An Early Spring Poem

A very early spring. I’ve done a little hiking almost every day this week and it’s like watching a stop motion animation of the forsythia in people’s yards and skunk cabbage in the woods.

Someone on dA recently expressed surprise at the fact that I’d written a villanelle. (I wrote it several years ago when I still had delusions of improvement and publication…) Villanelles are in some ways a more recent structure form. They were supposedly inspired by medieval troubadours and ballads, but the ossification of the structure didn’t actually occur until the 19th century. Practically an infant form compared to the sonnet! The most famous example is Dylan Thomas’s Do Not Go Gentle Into That Good Night.

I am certainly no Thomas, but it’s one of the few more formally structured poems I’ve managed and been relatively pleased with the outcome. Given that it suits this time of year, I figured I’d share it on here.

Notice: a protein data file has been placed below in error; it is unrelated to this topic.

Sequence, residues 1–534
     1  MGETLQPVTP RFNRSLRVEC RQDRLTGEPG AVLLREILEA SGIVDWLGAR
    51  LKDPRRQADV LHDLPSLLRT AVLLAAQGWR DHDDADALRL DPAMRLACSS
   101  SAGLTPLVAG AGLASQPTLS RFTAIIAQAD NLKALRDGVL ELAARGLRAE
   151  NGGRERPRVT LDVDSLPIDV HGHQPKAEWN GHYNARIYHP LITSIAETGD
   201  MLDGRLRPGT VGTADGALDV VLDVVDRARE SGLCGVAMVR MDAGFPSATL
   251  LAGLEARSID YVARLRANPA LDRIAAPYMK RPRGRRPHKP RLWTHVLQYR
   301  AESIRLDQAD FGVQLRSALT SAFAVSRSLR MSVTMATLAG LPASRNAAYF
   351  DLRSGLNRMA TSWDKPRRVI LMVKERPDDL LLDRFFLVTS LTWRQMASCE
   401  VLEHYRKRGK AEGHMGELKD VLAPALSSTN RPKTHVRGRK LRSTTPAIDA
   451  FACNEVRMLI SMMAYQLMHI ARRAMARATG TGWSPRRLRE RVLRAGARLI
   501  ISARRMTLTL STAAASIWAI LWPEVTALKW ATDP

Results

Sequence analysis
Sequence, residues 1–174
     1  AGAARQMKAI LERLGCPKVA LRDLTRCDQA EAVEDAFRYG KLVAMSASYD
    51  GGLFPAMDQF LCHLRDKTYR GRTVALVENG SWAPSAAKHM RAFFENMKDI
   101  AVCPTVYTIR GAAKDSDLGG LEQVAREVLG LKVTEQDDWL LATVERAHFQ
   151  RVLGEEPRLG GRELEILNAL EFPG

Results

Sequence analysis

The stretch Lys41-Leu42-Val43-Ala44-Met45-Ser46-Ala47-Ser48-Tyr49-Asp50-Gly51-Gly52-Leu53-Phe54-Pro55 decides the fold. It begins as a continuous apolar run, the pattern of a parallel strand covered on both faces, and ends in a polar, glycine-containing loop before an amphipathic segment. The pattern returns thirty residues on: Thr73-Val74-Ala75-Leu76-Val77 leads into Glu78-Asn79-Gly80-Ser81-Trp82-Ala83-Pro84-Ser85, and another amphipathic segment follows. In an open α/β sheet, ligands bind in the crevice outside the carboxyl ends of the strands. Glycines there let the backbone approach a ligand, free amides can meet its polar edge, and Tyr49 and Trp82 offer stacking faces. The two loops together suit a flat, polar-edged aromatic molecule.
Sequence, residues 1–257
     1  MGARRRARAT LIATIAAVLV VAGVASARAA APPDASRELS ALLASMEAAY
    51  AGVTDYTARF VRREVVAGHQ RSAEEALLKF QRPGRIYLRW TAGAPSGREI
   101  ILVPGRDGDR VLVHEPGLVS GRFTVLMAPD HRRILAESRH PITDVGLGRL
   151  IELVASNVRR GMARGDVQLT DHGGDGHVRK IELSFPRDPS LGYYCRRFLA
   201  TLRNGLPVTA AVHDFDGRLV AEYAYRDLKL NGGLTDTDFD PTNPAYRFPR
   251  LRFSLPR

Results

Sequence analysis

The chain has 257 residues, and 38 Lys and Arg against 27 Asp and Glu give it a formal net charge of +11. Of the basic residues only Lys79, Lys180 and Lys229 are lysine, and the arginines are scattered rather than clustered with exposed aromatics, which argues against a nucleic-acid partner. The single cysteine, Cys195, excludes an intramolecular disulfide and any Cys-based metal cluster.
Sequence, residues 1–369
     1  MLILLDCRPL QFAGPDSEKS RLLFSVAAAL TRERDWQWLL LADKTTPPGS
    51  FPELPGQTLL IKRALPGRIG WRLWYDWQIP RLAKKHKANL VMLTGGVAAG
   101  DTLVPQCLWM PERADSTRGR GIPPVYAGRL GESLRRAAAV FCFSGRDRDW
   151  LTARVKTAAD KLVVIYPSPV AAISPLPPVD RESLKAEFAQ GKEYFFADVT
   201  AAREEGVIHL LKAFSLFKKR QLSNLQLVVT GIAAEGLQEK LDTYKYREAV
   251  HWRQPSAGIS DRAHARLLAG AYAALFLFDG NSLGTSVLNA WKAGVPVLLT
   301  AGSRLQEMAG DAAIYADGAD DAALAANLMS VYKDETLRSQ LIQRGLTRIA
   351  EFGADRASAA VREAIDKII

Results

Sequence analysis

Waiting

The cold brown earth melts and heaves,
dries from the effort, cracks with thirst.
And I wait for the first green leaves.

The wind howls every night, it grieves
the lost winter; this waiting time is worst.
The damp brown earth swells and heaves.

The last snow melts off the sloping eaves.
On bare branches forsythia bloom first.
And seeing them, I wait for the leaves.

Squirrels scurry and dig like comic thieves,
trying to retrieve food winter dispersed.
Under their paws the brown earth turns and heaves

On rough skinned trees a small spider weaves.
Spiral buds are swollen, about to burst.
And I wait for the birth of the leaves.

I am the audience who perceives
the play unfolds, eternally rehearsed.
The soft brown earth swells and heaves.
And I wait for the pale green leaves.

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